In the face of all time low French mortgage rates a recent speech from the International Monetary Fund (IMF) hinted at the fear of a “housing bubble.”
This was met with a firm statement from industry professionals: “I’m can say quite categorically, there is no bubble,” says Sebastien de Lafon, CEO MeilleursAgents.com. “And this if for two reasons: there is no speculation on housing, that is to say, not ‘actors’ who only buy to resell, and no credit risk, that is, excessive leverage in real estate.”
“Banks remain cautious in not lending to non-creditworthy buyers, and only to households whose incomes are secured by two permanent contracts or officials.”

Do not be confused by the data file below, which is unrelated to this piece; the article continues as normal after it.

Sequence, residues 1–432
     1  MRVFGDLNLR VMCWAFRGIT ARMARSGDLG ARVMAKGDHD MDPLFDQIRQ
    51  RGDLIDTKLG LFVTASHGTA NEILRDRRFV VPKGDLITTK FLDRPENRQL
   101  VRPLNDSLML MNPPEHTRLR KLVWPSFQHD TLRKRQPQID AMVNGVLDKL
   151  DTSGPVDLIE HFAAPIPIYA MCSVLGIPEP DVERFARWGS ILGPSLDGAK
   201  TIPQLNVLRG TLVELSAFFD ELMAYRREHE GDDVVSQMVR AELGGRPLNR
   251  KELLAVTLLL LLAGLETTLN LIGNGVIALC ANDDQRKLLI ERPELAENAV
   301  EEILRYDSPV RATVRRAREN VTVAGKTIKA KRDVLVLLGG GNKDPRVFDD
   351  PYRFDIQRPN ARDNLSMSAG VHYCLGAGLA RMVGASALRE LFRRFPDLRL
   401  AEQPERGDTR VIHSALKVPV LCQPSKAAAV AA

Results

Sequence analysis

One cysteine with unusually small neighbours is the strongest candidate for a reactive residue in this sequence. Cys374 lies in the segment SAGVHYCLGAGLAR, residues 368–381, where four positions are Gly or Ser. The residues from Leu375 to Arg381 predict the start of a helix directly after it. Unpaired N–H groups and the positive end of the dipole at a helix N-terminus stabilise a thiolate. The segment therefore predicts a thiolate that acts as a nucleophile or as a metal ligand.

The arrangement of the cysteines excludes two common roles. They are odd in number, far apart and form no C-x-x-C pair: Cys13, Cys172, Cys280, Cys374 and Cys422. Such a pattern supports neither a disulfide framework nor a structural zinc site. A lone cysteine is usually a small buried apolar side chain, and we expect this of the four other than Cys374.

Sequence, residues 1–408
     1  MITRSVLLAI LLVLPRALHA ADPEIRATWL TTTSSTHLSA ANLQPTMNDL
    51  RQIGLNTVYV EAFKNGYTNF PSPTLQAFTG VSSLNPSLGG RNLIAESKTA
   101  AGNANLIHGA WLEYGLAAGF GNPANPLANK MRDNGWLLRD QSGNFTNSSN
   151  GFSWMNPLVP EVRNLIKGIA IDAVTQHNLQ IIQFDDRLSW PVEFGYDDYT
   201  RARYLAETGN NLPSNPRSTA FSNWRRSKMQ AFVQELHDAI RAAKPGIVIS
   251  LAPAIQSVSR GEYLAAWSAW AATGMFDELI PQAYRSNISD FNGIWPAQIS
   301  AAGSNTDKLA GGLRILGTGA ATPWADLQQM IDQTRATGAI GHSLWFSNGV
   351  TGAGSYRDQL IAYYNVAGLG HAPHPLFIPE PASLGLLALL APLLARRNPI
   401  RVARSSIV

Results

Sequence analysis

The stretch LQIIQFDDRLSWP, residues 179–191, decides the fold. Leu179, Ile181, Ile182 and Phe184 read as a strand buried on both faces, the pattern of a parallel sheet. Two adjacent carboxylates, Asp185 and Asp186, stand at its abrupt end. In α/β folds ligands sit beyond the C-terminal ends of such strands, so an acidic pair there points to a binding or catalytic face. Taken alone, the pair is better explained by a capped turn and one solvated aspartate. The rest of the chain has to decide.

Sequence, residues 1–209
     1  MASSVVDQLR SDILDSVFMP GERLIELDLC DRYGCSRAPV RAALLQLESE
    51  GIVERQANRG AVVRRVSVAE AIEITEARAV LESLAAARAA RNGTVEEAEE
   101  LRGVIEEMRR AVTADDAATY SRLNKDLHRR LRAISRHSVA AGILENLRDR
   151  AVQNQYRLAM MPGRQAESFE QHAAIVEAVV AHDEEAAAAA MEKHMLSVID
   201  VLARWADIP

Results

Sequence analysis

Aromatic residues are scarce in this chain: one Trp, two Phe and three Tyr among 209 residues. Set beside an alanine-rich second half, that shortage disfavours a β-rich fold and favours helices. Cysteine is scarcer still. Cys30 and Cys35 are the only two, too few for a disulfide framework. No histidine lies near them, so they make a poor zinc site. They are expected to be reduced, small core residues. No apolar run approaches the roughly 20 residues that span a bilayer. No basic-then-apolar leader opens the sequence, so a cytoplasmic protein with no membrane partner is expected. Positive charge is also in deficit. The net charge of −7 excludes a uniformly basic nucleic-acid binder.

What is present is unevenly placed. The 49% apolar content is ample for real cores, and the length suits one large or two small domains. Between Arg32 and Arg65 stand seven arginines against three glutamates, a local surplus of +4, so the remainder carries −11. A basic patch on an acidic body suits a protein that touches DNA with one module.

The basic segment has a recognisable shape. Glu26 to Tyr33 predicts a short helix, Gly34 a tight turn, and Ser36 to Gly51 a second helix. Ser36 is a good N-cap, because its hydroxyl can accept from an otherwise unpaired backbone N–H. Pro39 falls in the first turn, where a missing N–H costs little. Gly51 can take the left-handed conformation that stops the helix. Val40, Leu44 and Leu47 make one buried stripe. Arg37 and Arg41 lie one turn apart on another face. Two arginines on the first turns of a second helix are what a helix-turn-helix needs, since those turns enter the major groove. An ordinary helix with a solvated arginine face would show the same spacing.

French mortgage rates have dropped significantly in the first half of 2014, falling to a record low of the past forty years: 2.85% in May, down 23 basis points since January 1st. “Not since the late 1940s have lending rates been so affordable”, says the Observatory mortgage organisation.
But in fact “the rates are not that low when compared to low inflation, which is at 0.7%. In real terms, bank margins are far from zero.” Puts Claude Taffin, economist, founder of Dynamic real estate consultants.
We’d have to agree, as whilst lending is very affordable, France’s controls over who they lend to have already proven to be a strong defence against market movements, as the country was one of the first to emerge from the 2008 slump. This has always made France a very unlikely place for a housing bubble and it will be the same in the future.